October 20, 2012

From the Office of Steve Papadimos: Recognizing Signs of Elder Abuse (Part Two)

Posted in Uncategorized tagged , , , , at 2:19 am by Steve Papadimos

In Part One of this series, Steven Papadimos discussed two of the five categories of elder abuse (physical, sexual, emotional, neglect, and financial). Today, Papadimos examines signs of the other three types.

 

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3. Sexual abuse, which is any form of sexual contact that occurs without permission, is marked by bleeding, bruising, or pain in the genital area. Some seniors develop sexually transmitted diseases as a result of sexual abuse. Seniors who experience sexual abuse often display the symptoms similar to those of psychological or emotional abuse, including depression, anxiety, or withdrawal.

4. Neglect, which can be intentional or unintentional, may be indicated when a senior displays malnutrition, or appears over-medicated or under-medicated. More subtle signs of neglect include isolation or lack of social contact.

5. Financial abuse involves the theft or misuse of an elder citizen’s money or possessions. Signs of financial abuse include sudden changes in a bank account, unexplained or recurring withdrawal of funds, disappearance of material possessions, changes in a will, or changes in the names on the person’s bank signature card.

Although statistics vary from state to state, as many as one in ten senior citizens may be victims of abuse, and many incidents of abuse are unreported. As baby boomers reach their senior years and life expectancy continues to crime, the problem of elder abuse is expected to worsen.

Steve Papadimos is Chief of the Lucas County Prosecutor’s Office, Civil Division, a department consisting of 14 attorneys. The Division assumes responsibility all laws concerning the public sector, including laws that protect senior citizens.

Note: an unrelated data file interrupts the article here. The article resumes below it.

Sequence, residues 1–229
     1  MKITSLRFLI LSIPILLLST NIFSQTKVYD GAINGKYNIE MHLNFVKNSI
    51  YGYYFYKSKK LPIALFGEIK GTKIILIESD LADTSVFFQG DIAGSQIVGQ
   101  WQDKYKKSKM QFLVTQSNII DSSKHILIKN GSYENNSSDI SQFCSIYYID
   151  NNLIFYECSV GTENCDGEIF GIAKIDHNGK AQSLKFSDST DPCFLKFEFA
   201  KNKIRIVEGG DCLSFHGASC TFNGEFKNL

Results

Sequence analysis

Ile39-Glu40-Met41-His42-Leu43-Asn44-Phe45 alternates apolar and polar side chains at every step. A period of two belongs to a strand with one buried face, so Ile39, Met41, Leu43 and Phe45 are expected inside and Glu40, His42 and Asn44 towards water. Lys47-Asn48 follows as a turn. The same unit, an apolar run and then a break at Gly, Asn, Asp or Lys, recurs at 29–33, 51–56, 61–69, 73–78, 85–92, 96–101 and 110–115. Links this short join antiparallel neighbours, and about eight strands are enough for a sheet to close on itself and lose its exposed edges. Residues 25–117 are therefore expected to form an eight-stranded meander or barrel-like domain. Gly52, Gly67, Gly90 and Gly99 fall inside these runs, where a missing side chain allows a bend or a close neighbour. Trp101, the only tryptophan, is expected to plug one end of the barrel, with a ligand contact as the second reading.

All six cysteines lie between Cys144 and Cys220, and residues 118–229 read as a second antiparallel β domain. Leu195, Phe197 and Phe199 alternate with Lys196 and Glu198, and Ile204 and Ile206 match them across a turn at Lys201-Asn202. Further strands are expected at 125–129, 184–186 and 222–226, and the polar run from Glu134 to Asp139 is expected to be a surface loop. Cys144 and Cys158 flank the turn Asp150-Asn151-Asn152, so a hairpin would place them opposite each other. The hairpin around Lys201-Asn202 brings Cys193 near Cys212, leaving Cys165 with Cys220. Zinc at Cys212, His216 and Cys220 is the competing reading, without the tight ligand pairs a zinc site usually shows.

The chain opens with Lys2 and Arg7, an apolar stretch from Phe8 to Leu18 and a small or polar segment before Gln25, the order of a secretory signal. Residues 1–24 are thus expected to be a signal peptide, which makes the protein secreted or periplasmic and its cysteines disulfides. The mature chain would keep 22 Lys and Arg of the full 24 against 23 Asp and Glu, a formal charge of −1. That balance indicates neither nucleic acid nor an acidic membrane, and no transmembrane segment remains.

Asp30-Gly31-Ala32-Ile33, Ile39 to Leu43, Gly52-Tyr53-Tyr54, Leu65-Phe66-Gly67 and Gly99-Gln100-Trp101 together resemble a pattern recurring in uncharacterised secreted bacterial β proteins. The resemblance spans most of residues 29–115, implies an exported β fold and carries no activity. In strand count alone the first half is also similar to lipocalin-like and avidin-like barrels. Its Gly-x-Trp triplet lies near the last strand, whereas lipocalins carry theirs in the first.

From the Office of Steve Papadimos: Recognizing Signs of Elder Abuse (Part One)

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October 6, 2012

Preventing Crimes Against the Elderly, by Steve Papadimos

Posted in Uncategorized tagged , , , at 7:16 pm by Steve Papadimos

Triad, a national program that promotes awareness of crimes against senior citizens, hosts an annual conference intended to educate attendees on crimes committed against the elderly and ways to prevent them. These crimes range from scams and abuse to property damage and theft.

To combat scam artists and thieves attempting to steal property, seniors and their families should familiarize themselves with different schemes. Do not give out sensitive information such as credit card numbers over the phone or Internet unless the senior knows and trusts the source. Most companies stress that they will never ask for such information, so any phone calls or e-mails to the contrary should immediately be reported.

Err on the side of caution when dealing with visitors asking for entry into the home. If an individual claims to represent a gas, electric, or cable company, politely refuse admittance unless the senior made an appointment. Keep doors locked and invest in an easy-to-use alarm system, especially one that accommodates individuals with poor eyesight and/or hearing.

About the Author

Steve Papadimos has served residents of Toledo, Ohio, as their Chief of the Civil Division for the Lucas County Prosecutor’s Office for over 30 years.